CDC Becomes the Grinch, Says People Shouldn't Sing at Holiday Gatherings


Who knew we would all miss the days when our government would warn about the dangers of frozen turkeys exploding in fryers ahead of the holidays?

Instead, those B-roll demonstrations of boiling hot peanut oil erupting out of steel cauldrons that are usually ubiquitous this time of year have been replaced by a more novel hysteria: COVID-19.

Coming to a family dining room near you are the ridiculous, fun-spoiling, anti-scientific rules that have killed your favorite restaurant, now adapted for home use in the form of Centers for Disease Control and Prevention holiday guidelines released on Wednesday — just in time to ruin Thanksgiving.

Besides pretty much telling you to forget seeing your family other than the people you’ve been staring at in quarantine for the past nine months, the CDC recommends everyone you do mix with sits the requisite 6 feet apart while wearing masks and avoiding things like touching, using the same serving utensils, interacting with pets and even singing.

To keep coronavirus risk low, the CDC recommends hosting a “virtual dinner and sharing recipes with friends and family,” holding gatherings in outdoor spaces or opening windows in tight indoor spaces (the top half of the country will love basking in frigid temperatures).

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Oh, and don’t forget that the holidays are not a time to linger. “Gatherings that last longer pose more risk than shorter gatherings,” the CDC reminds us.

“Being within 6 feet of someone who has COVID-19 for a cumulative total of 15 minutes or more greatly increases the risk of becoming sick and requires a 14-day quarantine.”

So, while you’re in the same general vicinity and not touching while frostbite sets in, it is absolutely essential that you don’t do anything that would be remotely like a proper family gathering.

“Encourage guests to avoid singing or shouting, especially indoors,” the CDC recommends. “Keep music levels down so people don’t have to shout or speak loudly to be heard.”

Will you comply with the CDC guidelines for holiday gatherings?

While it’s humorous to envision the CDC as Dr. Suess’ Christmas-ruing titular character from the “How the Grinch Stole Christmas,” the reality is much darker: These guidelines about how you conduct your holiday gatherings in your own home are further evidence of tyrannical government overreach.

Political commentator Dave Rubin summarized the recommendations as such and shared how he’d handle the holidays.

Rubin shared how he was livid as “the government is now going to tell us who can serve the food in our house, and how close we have to sit with each other, and that we have to keep the windows open” along with the rest of the “series of ridiculous things” in a clip he tweeted the same day the guidelines were released.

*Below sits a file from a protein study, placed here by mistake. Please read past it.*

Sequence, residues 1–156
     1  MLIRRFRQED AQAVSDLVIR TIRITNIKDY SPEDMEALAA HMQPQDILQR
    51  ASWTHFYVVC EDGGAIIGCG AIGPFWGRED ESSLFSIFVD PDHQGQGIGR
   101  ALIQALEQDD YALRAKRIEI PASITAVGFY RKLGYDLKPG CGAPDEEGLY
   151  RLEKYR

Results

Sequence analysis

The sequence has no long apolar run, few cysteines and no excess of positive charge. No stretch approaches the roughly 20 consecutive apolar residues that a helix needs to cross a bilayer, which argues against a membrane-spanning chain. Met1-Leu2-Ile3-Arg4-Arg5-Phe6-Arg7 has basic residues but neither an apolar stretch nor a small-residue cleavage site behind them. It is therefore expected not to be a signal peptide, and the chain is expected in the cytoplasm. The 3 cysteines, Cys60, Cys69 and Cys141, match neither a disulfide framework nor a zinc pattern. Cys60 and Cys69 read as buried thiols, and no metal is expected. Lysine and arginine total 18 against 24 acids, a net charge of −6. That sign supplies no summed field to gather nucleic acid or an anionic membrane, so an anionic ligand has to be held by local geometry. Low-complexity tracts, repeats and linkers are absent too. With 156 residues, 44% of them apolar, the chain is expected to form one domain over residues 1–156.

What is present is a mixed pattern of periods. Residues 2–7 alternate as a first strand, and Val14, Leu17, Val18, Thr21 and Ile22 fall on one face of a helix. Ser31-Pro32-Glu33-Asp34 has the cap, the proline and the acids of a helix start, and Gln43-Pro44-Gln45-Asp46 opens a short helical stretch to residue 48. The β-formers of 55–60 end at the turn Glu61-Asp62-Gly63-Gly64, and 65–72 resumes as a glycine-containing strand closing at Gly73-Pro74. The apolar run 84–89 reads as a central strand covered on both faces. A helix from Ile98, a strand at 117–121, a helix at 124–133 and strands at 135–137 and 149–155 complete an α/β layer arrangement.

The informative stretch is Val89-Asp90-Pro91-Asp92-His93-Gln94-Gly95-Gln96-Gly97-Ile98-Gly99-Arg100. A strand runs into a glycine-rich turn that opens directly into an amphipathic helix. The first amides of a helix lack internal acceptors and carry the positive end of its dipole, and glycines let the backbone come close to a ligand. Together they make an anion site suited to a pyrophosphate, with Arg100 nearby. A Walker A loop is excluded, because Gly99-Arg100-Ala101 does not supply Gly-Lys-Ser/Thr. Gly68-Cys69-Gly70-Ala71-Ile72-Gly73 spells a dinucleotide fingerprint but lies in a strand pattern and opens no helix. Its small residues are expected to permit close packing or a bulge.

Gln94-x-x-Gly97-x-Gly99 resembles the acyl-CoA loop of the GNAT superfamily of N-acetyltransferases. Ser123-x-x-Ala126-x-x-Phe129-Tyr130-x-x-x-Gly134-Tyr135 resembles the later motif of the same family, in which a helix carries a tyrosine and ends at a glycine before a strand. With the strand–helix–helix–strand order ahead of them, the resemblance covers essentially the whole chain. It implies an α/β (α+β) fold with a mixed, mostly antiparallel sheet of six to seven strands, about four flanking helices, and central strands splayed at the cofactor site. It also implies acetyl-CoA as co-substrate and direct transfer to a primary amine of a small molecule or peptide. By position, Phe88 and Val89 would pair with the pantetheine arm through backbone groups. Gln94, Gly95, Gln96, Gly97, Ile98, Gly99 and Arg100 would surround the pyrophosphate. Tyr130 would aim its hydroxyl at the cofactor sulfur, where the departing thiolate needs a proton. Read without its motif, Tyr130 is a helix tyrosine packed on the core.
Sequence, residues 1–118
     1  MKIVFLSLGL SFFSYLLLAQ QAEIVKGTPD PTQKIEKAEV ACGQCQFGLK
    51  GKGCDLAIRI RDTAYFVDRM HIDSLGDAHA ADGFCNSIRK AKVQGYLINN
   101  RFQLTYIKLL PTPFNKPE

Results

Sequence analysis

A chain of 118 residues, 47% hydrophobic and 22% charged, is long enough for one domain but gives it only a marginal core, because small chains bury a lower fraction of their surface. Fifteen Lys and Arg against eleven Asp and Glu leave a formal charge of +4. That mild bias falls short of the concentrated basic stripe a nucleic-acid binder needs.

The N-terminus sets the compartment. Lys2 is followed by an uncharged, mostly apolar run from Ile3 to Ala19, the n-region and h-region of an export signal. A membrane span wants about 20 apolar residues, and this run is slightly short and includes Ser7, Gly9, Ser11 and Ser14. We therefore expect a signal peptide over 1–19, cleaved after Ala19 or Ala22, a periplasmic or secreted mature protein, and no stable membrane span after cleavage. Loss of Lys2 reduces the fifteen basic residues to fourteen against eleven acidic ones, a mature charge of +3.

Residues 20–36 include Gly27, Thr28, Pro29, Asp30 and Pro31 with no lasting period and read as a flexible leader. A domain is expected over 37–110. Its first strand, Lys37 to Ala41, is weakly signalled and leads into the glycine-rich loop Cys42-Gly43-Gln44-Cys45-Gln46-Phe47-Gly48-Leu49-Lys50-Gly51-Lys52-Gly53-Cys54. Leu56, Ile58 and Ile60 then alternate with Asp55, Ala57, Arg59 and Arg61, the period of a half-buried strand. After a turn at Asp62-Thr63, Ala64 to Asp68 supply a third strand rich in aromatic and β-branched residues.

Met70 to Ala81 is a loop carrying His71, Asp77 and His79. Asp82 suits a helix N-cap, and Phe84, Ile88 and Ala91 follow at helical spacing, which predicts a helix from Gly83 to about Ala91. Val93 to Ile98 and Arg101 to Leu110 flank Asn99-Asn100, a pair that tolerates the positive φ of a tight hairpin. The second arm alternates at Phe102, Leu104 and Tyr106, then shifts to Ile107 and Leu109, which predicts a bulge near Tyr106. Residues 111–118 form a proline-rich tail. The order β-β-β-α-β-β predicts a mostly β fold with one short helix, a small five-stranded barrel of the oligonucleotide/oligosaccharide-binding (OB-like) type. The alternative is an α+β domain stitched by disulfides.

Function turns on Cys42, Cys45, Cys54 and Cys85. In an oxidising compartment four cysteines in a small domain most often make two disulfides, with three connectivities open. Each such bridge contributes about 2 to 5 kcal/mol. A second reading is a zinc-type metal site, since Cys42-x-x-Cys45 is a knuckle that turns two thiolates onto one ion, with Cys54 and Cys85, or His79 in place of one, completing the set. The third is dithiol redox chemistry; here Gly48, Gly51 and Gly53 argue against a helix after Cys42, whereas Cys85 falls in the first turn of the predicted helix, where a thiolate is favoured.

“I know, I’m a radical freedom person, a real extremist over here,” he continued. “I believe that you can figure out what to do in your house related to how you’re going to celebrate holidays, and these people are absolutely ridiculous and they want to control you.”

Rubin, a California resident, addressed Gov. Gavin Newsom, Los Angeles Mayor Eric Garcetti and the CDC with a defiant message: “I’m going to have people here, and we’re going to eat freely, and we’re gonna talk, and we might sing, and I’m not going to force one person to serve everyone.”

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“Everyone’s gonna touch that spoon. That’s how we’re gonna do it. You can’t control us, you lunatics,” Rubin said.

Coronavirus lockdowns have stretched on for the majority of 2020, with many families unable to visit elderly relatives in nursing homes, travel or even attend school or worship in person in some areas.

Now the government is trying to tell Americans how to host and attend holiday gatherings, power-drunk from months of fearful citizens complying with their draconian orders (riots notwithstanding).

Their tactics are wearing thin, however, and just as the Grinch witnessed the people of Whoville basking in Christmas joy despite his best efforts, the holidays will go on — just be on the lookout for those exploding turkey fryers.

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Christine earned her bachelor’s degree from Seton Hall University, where she studied communications and Latin. She left her career in the insurance industry to become a freelance writer and stay-at-home mother.
Christine earned her bachelor’s degree from Seton Hall University, where she studied communications and Latin. She left her career in the insurance industry to become a freelance writer and stay-at-home mother.